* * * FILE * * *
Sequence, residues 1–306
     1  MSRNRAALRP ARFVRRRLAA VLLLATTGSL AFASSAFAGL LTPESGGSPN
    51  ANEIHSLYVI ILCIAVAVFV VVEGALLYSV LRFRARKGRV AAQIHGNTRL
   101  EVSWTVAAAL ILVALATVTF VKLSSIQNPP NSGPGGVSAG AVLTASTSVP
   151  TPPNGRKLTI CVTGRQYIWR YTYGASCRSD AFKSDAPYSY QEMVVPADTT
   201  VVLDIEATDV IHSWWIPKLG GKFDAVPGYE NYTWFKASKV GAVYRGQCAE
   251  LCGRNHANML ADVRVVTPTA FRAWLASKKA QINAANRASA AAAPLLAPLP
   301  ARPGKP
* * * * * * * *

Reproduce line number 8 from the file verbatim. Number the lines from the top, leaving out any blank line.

   301  ARPGKP